Go Pointers: Why I Use Interfaces (in Go)

Emphasis on I and in Go.

If you’ve been coding for a while, I probably don’t need to explain all the obvious benefits of interfaces, but I’m going to take just a moment or two to level set before I dive into the more idiosyncratic reasons I use interfaces in Go.

Skip ahead if you’re confidant in your understanding of interfaces in general.

Level setting

There are a lot of neat things that you can achieve using interfaces that you could not otherwise. For instance, you can create multiple components that calling code can interact with in a uniform manner, even if the underlying implementation of those components varies wildly. This creates the possibility of swapping components that implement a common interface with one another at compile time or even dynamically at runtime.

A convenient real world example is that of Go’s io.Reader interface. All implementations of the io.Reader interface support a Read(p []byte) (n int, err error) function. Consumers coding to the io.Reader interface do not need to know where the bytes obtained by calling that function come from.

All of this is common sense for anyone who has been programming for a while.

Enter Go…

Go doesn’t have constructors!

For example, imagine that all “widgets” must have an immutable, system-assigned identifier. In Java, for instance, this is easy to implement:

There is no way to instantiate a new Widget without its initialization logic being executed. Brilliant!

Go doesn’t have this feature. :(

In go, instances of user-defined types are instantiated directly.

Given the following:

A widget might be instantiated and used like so:

If you run this example, the (perhaps) unsurprising result is that the identifier that is printed is the empty string — because it was never initialized and an empty string is the “zero value” for a string.

We can add a “constructor-like” function to our widgets package to handle initialization:

And we can easily amend our main function to use this new constructor-like function:

Executing this program, we find the desired result.

But we still have a HUGE problem! Absolutely nothing forces a user of our widgets package to instantiate instances of the Widget type using our constructor-like function.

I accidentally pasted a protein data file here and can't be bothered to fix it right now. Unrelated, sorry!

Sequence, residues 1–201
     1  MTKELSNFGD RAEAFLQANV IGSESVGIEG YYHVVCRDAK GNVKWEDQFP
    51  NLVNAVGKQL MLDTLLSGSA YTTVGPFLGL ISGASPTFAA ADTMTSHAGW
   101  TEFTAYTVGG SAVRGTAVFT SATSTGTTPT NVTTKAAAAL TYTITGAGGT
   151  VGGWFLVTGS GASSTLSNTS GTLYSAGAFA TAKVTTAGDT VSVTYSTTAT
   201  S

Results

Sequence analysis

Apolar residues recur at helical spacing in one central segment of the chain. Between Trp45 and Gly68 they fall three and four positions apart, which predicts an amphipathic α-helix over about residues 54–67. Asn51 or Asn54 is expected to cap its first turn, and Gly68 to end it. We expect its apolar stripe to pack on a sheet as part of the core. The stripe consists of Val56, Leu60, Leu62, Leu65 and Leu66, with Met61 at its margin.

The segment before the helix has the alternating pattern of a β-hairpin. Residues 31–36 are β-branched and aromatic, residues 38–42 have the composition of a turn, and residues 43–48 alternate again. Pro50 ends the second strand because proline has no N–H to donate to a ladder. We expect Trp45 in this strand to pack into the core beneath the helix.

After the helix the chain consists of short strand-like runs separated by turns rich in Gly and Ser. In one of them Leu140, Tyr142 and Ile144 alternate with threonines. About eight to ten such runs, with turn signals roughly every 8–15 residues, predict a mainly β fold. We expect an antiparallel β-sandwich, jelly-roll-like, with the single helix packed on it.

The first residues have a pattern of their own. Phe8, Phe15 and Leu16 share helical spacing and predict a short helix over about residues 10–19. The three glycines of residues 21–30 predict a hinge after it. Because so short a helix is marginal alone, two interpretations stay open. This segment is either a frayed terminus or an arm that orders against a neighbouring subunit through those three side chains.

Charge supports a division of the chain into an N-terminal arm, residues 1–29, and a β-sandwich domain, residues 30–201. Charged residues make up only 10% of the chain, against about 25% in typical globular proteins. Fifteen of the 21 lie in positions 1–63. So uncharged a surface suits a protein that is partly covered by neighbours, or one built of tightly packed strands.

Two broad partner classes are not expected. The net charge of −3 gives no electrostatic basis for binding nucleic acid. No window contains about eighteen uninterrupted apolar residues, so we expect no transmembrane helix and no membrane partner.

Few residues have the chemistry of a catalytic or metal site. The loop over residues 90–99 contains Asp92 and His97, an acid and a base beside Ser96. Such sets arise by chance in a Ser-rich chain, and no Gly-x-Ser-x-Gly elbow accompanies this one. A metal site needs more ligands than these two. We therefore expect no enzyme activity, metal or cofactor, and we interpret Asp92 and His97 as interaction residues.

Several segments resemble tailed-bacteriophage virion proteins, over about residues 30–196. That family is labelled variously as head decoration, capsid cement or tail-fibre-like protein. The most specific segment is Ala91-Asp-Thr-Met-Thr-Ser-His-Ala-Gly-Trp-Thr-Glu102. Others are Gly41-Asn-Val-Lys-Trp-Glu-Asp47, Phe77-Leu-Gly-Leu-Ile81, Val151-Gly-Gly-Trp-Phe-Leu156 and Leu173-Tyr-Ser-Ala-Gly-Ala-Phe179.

Going private

Our main program remains unchanged and should still work as-is. This is a step closer to what we want, but we’ve committed a non-obvious cardinal sin in the process. The constructor-like NewWidget() function returns an instance of an unexported type. While the compiler does not balk at this, this is still considered a bad practice and warrants some explanation.

In Go, packages are the fundamental unit of reuse. (Contrast this to other languages where a class might be the fundamental unit of reuse.) Anything unexported is, as previously noted, essentially “package private.” i.e. Anything unexported is an implementation detail of that package and should be of no consequence to other packages that consume ours. Owing to this, Go’s documentation-generating tool godoc does not generate documentation for unexported functions, types, etc.

By returning an instance of the unexported widget type in our constructor-like function, we inadvertently created a “dead end” in the documentation. A developer invoking our constructor-like function may obtain an instance of a widget, but will never find any documentation covering the existence or proper use of the ID() accessor function. The Go community takes documentation very seriously, so this is frowned upon.

Interfaces to the rescue!

By creating an exported interface that our widget type will implement, our constructor-like function can return something that is exported and documented instead of something that isn't, while the underlying implementation of the interface remains unexported and cannot be instantiated directly by consumers.

Wrap up

In my next post, I’ll cover a scenario that is nearly the inverse of this one — a case where you might have used an interface in any other language, but can get by without using one in Go!

Kent is a senior engineer on the Azure Cloud Native Computing team at Microsoft, working primarily with Kubernetes and other open source projects.